For real estate professionals, multitasking is a way of life.
Do you pride yourself on being a capable multitasker?
Despite the perceived usefulness of your multitasking, it’s a habit you should reserve only for times of total necessity. Otherwise, you risk operating at a far lower efficiency.
Why? Simply put, multitasking is harmful to your ability to develop and maintain skills in the long run. Neuroscientists have proven that multitasking makes your brain less effective at every individual task you are performing. Although you might be doing more simultaneously, you are hurting your overall productivity.
Most real estate professionals will proudly identify as capable multitaskers, and those of you who are reading this right now are probably skeptical, but hear me out — I support you, I really do.
The paradox of multitasking
There is a paradox of multitasking that in order to function at the highest level, you must learn and master. Here it is: The less time you spend multitasking, the more able you are to multitask, and vice versa.
That’s right. You need to stop multitasking so that you can multitask. I’ll explain.
Multitasking is the simultaneous performance of skills or tasks that you are so capable of, and you can do them quickly, in the midst of many distractions. So multitaskers, be proud for a moment — you’re great at what you do.
However, in order to develop a skill to the extent that you can perform it quickly and in the midst of many distractions, you need to spend a great deal of time first mastering that skill in isolation.
You need to learn to drive before you can hit the highway
Your brain grows and learns by converting your lived actions into neural pathways and reactions — automatic impulses that progressively improve your ability to perform the action you are learning.
If you spend only a small amount of time developing a skill in isolation, your brain will develop the neural pathway equivalent of a dirt road. Transport truck-sized thoughts will not be permitted to pass.
However, if you spend a great deal of time developing a skill in isolation, you will develop the neural equivalent of a major highway. A multitude of large, complex thoughts will be permitted to pass along in harmony.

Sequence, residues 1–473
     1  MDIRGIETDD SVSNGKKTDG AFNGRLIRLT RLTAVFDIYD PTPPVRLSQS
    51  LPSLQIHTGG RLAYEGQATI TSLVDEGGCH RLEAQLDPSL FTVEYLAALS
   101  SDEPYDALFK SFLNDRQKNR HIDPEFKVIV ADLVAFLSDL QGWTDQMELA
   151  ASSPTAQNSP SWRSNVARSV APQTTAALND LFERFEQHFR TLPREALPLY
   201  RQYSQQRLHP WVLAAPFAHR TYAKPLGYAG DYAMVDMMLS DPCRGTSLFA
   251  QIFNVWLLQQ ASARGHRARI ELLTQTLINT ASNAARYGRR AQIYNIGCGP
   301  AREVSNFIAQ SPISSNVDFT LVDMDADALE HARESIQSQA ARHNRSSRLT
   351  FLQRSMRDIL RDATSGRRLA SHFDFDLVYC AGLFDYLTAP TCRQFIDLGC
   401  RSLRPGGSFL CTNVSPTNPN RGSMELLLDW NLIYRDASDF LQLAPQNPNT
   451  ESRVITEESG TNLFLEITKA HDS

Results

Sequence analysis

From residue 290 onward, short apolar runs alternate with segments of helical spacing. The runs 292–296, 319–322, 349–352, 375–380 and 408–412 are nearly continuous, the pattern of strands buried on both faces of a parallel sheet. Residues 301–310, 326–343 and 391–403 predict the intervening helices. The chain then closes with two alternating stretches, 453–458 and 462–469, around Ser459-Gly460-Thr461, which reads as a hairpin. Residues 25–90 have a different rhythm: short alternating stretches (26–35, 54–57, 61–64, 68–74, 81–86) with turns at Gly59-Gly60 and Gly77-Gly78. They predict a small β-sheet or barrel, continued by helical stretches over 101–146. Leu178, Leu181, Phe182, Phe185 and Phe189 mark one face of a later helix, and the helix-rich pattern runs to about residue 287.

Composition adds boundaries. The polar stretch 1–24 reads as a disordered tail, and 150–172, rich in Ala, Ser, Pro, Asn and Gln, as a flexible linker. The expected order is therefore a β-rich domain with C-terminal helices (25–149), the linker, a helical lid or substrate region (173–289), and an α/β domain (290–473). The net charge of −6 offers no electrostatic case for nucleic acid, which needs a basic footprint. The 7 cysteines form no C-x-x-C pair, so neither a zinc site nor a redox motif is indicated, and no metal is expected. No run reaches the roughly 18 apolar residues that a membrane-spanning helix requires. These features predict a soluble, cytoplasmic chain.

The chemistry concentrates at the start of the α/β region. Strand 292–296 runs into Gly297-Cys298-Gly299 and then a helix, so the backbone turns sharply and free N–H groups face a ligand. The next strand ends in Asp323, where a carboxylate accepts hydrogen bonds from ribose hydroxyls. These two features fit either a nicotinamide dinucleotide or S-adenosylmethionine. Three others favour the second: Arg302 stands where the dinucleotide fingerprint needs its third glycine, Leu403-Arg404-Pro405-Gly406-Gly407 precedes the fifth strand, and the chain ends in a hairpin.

It’s the initial development of these neural highways that allows your brain to facilitate heavy traffic flow or multitasking. However, if your neural traffic system becomes overworked from constant multitasking, your highways will fall into disrepair, and you will suffer the mental equivalent of a traffic jam — a halt in overall productivity.
Schedule your day one task at a time
Whenever it is possible, you must separate your tasks and concentrate on one at a time. For example, if you must respond to a body of emails, put together a landing page, phone clients and write a blog post, try to schedule your day so that these activities can be tackled one-by-one in progression, rather than juggling multiple items on your computer and phone all day.
Use Outlook, or the scheduling app of your choice, to prededicate your time to the tasks you need to accomplish. Book meeting time with yourself so that hours of your day are guaranteed to be distraction-free. Set up necessary distraction guards such as turning your phone to silent, closing your email program or finding an isolated location away from your desk to work for a while.
Although it’s nerve-racking to think of missing a call or an email because you are focusing on something else, the result of your focus should be that you have more overall time to give quality responses to email and phone inquiries. Being fully available on your devices all the time is a common distraction, and cutting back on this type of multitasking will ultimately enable you to be more present and available when your clients need you most.
Avoid multitasking at all costs so as to prepare your future self for those times when multitasking is an absolute necessity. The time you’ve dedicated to performing your tasks in isolated concentration will pay off substantially when you are able to multitask at an extremely high level of efficiency.
Patrick manages the Lone Wolf Real Estate Technologies Blog. He is interested in empowering real estate professionals with dynamic content marketing strategies and recipes for personal success.